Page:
Concern over possible changes to Tata pensions

Tata Steel has a plant in Stocksbridge in Sheffield and two others in Rotherham
Tata Steel has a plant in Stocksbridge in Sheffield and two others in Rotherham
0
Have your say

Concerns have been voiced over possible changes to pension laws in a bid to secure the sale of Tata Steel's UK assets.

Ministers have been warned not to rush into far-reaching changes to pension laws after the Government confirmed it is looking at 'all options' in relation to Tata's £15 billion UK pensions liabilities - seen as one of the major obstacles to a successful sale.

Business Secretary Sajid Javid is due to make a Commons statement on Tata's efforts to sell its UK assets, including a plant in Stocksbridge and two in Rotherham, after returning from talks in Mumbai with senior Tata representatives.

Ministers are thought to be preparing to launch a consultation on possible legal changes which could enable a major restructuring of the Tata pension fund, including cutting its long-term liabilities.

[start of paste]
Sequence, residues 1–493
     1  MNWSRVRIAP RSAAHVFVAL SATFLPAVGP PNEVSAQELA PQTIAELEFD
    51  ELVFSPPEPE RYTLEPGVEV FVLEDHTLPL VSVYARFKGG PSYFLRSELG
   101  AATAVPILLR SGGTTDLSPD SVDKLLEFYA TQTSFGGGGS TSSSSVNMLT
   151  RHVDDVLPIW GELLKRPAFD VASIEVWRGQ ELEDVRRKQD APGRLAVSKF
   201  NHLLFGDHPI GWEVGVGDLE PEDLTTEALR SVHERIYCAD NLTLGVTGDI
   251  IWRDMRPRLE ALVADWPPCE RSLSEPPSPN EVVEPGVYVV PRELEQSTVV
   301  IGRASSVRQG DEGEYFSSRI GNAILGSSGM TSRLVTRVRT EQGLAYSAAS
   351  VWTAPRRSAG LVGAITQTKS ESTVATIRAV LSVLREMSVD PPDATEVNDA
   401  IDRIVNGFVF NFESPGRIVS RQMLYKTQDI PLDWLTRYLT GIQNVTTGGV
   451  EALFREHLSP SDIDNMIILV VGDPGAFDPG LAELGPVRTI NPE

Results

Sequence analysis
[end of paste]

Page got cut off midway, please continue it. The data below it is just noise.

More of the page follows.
The Department for Business, Innovation and Skills said it recognised that the pensions issue was a 'challenge'.

"We are exploring all options and engaging with Tata and other interested parties in order to see what support Government can provide," a spokesman said.

Welsh First Minister Carwyn Jones, fighting to save steel jobs in south Wales, said: "It's right to say - let's not pretend otherwise - that it's unlikely that any buyer will come forward with the pension liability there."

Ex-Liberal Democrat pensions minister in the former coalition, Steve Webb, said the Government was 'going down a very dangerous path' in seeking to change the law.

"Everyone has huge sympathy for steel workers and for efforts to protect jobs, but rushed changes to pension rules risk driving a coach and horses through the pension security of hundreds of thousands of workers, well beyond the steel industry," he said.

"The rules to protect pensions have been carefully worked out over many years. Rushed legislation could open the floodgates to employers who may wish to walk away from their pension schemes rather than honour their pension promises. The Government must tread very carefully in this area."

For Labour, shadow work and pensions secretary Owen Smith said: "Steel workers' pensions must be protected, they've earned them with hard graft over many years."